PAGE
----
Political prophet Allan Lichtman: How Iran attack could hurt Trump in 2020 election

Allan Lichtman has correctly predicted every presidential election since 1984. He says Iran is trouble for Trump

By Matthew Rozsa

Staff Writer

Published January 7, 2020 6:00AM (EST)

Professor Allan Lichtman, US President Donald Trump (AP Photo/Evan Vucci/Getty Images/NICHOLAS KAMM/AFP)
Professor Allan Lichtman, US President Donald Trump (AP Photo/Evan Vucci/Getty Images/NICHOLAS KAMM/AFP)

Allan Lichtman is a political historian at American University and the author of "The Keys to the White House," a system that has helped him correctly predict the last nine presidential elections. He spoke with Salon over the weekend about how President Trump's startling decision to assassinate Iranian Maj. Gen. Qassem Soleimani will hurt him in the 2020 presidential election.

First, a quick explanation about Lichtman's system: He has identified 13 "keys," a series of true-or-false statements which anticipate whether the incumbent party's presidential candidate will be elected in a given year. If six or more of the statements are false, the incumbent candidate will lose; if fewer than six are false, he or she will win. While Lichtman's system is somewhat complicated by elections where there is a split between the popular vote and the Electoral College results (as happened in 2000 and 2016), it has proved quite durable, successfully anticipating election outcomes since 1984. Its criteria include:

1. Party Mandate: After the midterm elections, the incumbent party holds more seats in the U.S. House of Representatives than after the previous midterm elections.

2. Contest: There is no serious contest for the incumbent party nomination.

3. Incumbency: The incumbent party candidate is the sitting president.

4. Third party: There is no significant third party or independent campaign.

5. Short-term economy: The economy is not in recession during the election campaign.

6. Long-term economy: Real per capita economic growth during the term equals or exceeds mean growth during the previous two terms.

7. Policy change: The incumbent administration effects major changes in national policy.

8. Social unrest: There is no sustained social unrest during the term.

9. Scandal: The incumbent administration is untainted by major scandal.

10. Foreign/military failure: The incumbent administration suffers no major failure in foreign or military affairs.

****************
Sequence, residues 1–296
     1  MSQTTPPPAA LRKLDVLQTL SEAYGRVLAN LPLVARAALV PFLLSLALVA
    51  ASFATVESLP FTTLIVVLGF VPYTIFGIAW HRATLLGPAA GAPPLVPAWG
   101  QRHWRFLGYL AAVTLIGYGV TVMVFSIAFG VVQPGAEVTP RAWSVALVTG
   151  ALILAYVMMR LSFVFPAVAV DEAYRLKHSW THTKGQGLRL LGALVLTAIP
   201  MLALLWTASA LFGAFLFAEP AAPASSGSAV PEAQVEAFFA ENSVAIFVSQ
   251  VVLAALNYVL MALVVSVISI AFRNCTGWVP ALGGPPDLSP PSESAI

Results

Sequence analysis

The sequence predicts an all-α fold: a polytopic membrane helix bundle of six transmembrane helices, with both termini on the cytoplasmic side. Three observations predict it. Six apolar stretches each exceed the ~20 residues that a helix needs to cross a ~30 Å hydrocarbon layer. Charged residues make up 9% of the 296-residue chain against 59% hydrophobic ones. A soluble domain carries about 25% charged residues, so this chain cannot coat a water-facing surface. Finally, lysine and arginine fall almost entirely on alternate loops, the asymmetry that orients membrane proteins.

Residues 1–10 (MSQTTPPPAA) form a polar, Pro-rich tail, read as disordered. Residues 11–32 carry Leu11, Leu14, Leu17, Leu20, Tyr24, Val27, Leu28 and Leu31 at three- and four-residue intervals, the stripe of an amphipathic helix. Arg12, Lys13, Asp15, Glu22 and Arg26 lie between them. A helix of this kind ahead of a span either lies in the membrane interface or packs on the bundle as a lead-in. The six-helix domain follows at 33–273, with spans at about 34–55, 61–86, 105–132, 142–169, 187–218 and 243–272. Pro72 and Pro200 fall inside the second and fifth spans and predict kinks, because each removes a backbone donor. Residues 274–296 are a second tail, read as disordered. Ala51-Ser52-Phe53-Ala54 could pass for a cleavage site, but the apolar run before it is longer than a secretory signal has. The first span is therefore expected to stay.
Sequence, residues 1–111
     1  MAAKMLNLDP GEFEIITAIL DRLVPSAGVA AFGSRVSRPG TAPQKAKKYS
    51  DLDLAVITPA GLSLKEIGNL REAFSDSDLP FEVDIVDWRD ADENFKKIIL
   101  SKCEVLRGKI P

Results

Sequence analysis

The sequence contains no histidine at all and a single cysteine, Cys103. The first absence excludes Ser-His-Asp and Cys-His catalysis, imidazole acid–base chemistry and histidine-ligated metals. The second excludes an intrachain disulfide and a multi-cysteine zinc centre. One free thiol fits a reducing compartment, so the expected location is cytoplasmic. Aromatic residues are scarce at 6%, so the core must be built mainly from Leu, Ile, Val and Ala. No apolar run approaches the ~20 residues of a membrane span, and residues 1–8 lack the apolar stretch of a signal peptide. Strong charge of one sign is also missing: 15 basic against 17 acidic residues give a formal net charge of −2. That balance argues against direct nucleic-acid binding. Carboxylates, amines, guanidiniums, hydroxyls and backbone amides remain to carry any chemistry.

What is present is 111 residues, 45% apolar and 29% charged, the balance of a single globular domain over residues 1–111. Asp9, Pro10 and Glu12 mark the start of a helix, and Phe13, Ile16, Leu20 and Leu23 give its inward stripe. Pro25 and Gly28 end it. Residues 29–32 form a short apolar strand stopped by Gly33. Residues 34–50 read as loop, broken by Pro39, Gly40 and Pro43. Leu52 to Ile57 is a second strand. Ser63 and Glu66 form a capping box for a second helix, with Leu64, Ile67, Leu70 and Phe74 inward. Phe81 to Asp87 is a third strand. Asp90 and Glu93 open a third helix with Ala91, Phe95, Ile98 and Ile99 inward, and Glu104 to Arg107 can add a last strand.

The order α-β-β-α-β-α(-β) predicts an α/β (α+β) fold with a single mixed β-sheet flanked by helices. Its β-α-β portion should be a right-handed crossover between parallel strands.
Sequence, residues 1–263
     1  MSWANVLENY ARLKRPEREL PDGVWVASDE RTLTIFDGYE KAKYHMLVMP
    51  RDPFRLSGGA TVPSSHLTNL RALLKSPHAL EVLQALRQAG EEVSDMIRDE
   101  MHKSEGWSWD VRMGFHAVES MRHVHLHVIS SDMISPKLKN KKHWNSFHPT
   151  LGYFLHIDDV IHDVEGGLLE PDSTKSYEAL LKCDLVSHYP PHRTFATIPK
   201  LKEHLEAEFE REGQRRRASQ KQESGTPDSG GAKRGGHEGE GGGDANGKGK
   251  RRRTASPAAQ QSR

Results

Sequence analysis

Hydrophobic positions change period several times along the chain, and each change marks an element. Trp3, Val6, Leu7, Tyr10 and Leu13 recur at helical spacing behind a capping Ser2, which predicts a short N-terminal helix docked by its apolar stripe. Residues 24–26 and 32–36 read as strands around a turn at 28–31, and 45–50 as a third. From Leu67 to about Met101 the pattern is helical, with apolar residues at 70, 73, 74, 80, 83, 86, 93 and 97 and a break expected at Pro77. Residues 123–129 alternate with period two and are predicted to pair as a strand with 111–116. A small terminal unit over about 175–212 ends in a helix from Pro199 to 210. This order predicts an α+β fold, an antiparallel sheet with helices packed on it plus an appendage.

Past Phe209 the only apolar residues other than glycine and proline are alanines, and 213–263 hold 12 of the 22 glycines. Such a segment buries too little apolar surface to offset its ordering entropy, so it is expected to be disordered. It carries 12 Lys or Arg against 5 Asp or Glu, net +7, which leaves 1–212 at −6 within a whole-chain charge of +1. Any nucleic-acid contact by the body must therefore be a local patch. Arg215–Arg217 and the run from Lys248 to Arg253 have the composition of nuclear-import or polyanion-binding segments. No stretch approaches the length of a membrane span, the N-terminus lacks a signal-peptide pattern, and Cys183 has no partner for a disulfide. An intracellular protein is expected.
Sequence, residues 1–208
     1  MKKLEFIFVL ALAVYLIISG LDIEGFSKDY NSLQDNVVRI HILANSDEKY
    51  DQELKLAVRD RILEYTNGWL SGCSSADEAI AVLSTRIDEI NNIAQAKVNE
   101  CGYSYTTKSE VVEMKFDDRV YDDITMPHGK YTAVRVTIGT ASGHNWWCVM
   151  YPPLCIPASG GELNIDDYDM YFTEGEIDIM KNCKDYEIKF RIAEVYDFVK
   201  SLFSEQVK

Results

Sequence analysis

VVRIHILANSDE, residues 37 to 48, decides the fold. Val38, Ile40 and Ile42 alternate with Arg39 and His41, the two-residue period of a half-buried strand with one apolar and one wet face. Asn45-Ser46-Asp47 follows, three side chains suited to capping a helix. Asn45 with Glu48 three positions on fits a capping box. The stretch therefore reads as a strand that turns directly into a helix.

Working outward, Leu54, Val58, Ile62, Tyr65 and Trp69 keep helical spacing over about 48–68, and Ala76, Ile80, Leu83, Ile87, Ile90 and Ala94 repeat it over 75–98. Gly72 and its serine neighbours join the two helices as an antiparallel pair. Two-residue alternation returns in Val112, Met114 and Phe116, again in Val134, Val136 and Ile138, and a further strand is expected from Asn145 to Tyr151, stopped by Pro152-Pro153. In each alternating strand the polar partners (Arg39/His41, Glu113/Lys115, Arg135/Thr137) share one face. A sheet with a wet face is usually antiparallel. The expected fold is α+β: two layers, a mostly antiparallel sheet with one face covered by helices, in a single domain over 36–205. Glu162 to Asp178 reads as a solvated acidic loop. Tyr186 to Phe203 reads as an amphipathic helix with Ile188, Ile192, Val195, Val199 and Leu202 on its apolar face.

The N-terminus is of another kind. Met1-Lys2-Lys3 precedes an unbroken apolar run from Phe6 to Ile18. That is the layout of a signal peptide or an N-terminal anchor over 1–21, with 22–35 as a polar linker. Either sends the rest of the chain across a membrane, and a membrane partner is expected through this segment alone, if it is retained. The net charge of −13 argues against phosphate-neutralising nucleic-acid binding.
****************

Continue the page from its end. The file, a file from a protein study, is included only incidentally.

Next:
11. Foreign/military success: The incumbent administration achieves a major success in foreign or military affairs.

12. Incumbent charisma: The incumbent party candidate is charismatic or a national hero.

13. Challenger charisma: The challenging party candidate is not charismatic or a national hero.

"One, nine and 12 [are] locked in against [Trump]," Lichtman told Salon by email. "Six for. Many others are fluid either way, although I am sill hard pressed to see Trump securing either Key 10 or 11."

When Salon asked Lichtman about the ramifications of the Soleimani assassination, he prefaced by saying that it was "much too early to gauge the political effects" of that decision. He added that at the moment he sees "Trump losing Key 11 on foreign/military success and likely losing Key 10 on foreign/military failure." He saw the possibility that "Trump might get a short-term boost from the killing, which almost always follows from a U.S. military operation. However, I am hard pressed to see this leading to a long-term success and it could cement in the failure key against Trump if it results in significant harm to the U.S. and its interests."

If the Soleimani assassination indeed has an anti-Trump rebound effect that would mean that five of the 13 questions are "false." Many of the remaining variables are beyond the control of anyone besides Trump and the Republicans, but Democrats could lock in a sixth key against Trump by nominating a candidate who is charismatic and/or a national hero. It isn't clear, of course, that they have such a candidate available — although charisma is, to some extent, in the eye of the beholder.

By Matthew Rozsa

Matthew Rozsa is a staff writer at Salon. He received a Master's Degree in History from Rutgers-Newark in 2012 and was awarded a science journalism fellowship from the Metcalf Institute in 2022.

MORE FROM Matthew Rozsa